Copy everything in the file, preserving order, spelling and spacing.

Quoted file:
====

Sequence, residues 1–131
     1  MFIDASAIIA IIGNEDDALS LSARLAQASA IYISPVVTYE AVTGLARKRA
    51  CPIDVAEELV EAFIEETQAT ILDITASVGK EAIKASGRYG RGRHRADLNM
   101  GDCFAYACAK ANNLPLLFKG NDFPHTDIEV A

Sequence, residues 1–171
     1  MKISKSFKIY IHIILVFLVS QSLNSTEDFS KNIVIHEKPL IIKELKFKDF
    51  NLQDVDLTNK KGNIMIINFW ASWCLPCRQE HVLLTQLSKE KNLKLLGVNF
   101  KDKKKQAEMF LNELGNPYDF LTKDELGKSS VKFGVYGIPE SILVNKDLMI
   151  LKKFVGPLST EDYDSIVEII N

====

Sequence, residues 1–131
     1  MFIDASAIIA IIGNEDDALS LSARLAQASA IYISPVVTYE AVTGLARKRA
    51  CPIDVAEELV EAFIEETQAT ILDITASVGK EAIKASGRYG RGRHRADLNM
   101  GDCFAYACAK ANNLPLLFKG NDFPHTDIEV A

Sequence, residues 1–171
     1  MKISKSFKIY IHIILVFLVS QSLNSTEDFS KNIVIHEKPL IIKELKFKDF
    51  NLQDVDLTNK KGNIMIINFW ASWCLPCRQE HVLLTQLSKE KNLKLLGVNF
   101  KDKKKQAEMF LNELGNPYDF LTKDELGKSS VKFGVYGIPE SILVNKDLMI
   151  LKKFVGPLST EDYDSIVEII N